As soon as she enters the burlesque, our heroine not only sees it as a stepping stone for her ambitions, but as a pinnacle. Ali immediately wants to know who she has to sleep with to get up on that stage. The friendly bartender Jack tells her that Tess, the owner, is the one she should be talking to. When Ali finds Tess she is told to get lost. Resourceful, she refuses to leave, but instead starts waiting tables for free just to be allowed to keep hanging around. Tess is resigned to having her as a waitress, but wants her nowhere near the "talent." Tess' resistance is just as confusing as Ali's determination. Tess is not running a broadway theater. She has not backers to please, no box office to speak of (admission is $20) and the girls working on her stage don't seem to possess an inordinate amount of talent. Ali's pretty enough. Why wouldn't Tess give her a chance or at least let her audition to see if she had anything to offer.
It would take less energy to see Ali in action than it would to keep rebuffing her. I understand that having an overlooked understudy become a breakout star is a tried and true plot, but no one is going to become a star in this dinky burlesque club that time has passed by. The whole idea that Ali is coveting the spotlight in this joint is comical and that Tess' is jealousy guarding it is hysterical.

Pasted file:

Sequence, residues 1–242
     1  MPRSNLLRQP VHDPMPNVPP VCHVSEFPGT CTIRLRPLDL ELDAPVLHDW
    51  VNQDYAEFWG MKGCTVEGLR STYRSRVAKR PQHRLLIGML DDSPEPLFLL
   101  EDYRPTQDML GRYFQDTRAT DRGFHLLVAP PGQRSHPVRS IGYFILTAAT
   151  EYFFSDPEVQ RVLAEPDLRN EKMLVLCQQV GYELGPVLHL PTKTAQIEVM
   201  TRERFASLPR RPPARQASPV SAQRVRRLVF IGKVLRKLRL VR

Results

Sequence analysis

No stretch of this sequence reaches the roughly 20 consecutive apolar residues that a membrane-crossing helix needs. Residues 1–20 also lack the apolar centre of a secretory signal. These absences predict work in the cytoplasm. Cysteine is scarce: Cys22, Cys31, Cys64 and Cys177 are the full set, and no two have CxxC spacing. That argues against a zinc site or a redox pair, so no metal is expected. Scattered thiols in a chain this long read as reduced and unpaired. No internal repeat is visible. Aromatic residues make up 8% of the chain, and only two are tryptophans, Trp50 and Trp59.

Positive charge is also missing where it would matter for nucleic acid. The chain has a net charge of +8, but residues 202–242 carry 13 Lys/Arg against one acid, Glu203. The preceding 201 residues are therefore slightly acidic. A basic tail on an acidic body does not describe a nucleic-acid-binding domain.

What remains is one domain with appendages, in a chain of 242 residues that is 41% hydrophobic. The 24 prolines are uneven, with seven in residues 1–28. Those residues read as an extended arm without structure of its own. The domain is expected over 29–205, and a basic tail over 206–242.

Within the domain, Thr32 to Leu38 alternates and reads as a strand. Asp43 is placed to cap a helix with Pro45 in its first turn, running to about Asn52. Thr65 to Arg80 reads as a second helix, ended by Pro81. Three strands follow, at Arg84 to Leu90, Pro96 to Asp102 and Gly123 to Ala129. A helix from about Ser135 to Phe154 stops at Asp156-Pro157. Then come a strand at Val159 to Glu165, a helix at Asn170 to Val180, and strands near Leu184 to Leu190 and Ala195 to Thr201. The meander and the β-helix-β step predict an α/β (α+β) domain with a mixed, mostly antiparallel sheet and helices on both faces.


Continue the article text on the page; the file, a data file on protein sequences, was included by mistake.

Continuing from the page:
Tess is not the only obstruction. Kristen Bell plays her familiar shrew, only raven-haired. Her Nikki feels threatened by Ali's emergence.

Ali will not be deterred. When she insists upon dancing for Tess, Tess is charmed, if not blown away, and makes her a back up dancer. Tess' strong maternal instincts quickly draw her to the lonely girl. The inevitable happens. Tess fires her drunken star performer and orders an unprepared Tess to take her place. She doesn't bother to say, "you've going out a youngster, but you've got to come back a star," only because she really doesn't think Ali has that much in her. But when the DJ leaves his post and Ali has nothing to lipsynch, she unleashes her masterful voice and enthralls everyone. Tess immediately decides to build the entire show around her.

Meanwhile, Ali has become roommates with the friendly bartender. He's got a girlfriend in NY, which, I guess, is the barrier to their budding love. It's really hard to say. Their romance is not played for passion. Jack thinks she looks good in a short nightshirt, but there's no real sexual tension between them. Indeed, she thought he was gay when they first met. Most Hays Code restricted lovers are far less chaste than these two. The banter they share is mild. The heat non-existent. They do enough to make you smile, but not enough to make you care.